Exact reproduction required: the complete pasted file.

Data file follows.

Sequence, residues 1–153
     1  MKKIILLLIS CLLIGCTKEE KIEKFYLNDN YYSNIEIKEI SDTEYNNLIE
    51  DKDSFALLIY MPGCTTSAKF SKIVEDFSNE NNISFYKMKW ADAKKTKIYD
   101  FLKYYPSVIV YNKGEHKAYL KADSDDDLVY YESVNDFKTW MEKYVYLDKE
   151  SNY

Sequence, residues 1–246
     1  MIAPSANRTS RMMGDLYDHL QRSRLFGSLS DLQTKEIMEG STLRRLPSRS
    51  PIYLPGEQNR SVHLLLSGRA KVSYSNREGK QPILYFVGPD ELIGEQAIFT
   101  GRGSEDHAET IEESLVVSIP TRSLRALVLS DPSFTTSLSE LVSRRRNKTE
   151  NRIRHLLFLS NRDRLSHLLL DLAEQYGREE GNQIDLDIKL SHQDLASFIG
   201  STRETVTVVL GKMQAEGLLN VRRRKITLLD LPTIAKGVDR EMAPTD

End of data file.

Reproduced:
Sequence, residues 1–153
     1  MKKIILLLIS CLLIGCTKEE KIEKFYLNDN YYSNIEIKEI SDTEYNNLIE
    51  DKDSFALLIY MPGCTTSAKF SKIVEDFSNE NNISFYKMKW ADAKKTKIYD
   101  FLKYYPSVIV YNKGEHKAYL KADSDDDLVY YESVNDFKTW MEKYVYLDKE
   151  SNY

Sequence, residues 1–246
     1  MIAPSANRTS RMMGDLYDHL QRSRLFGSLS DLQTKEIMEG STLRRLPSRS
    51  PIYLPGEQNR SVHLLLSGRA KVSYSNREGK QPILYFVGPD ELIGEQAIFT
   101  GRGSEDHAET IEESLVVSIP TRSLRALVLS DPSFTTSLSE LVSRRRNKTE
   151  NRIRHLLFLS NRDRLSHLLL DLAEQYGREE GNQIDLDIKL SHQDLASFIG
   201  STRETVTVVL GKMQAEGLLN VRRRKITLLD LPTIAKGVDR EMAPTD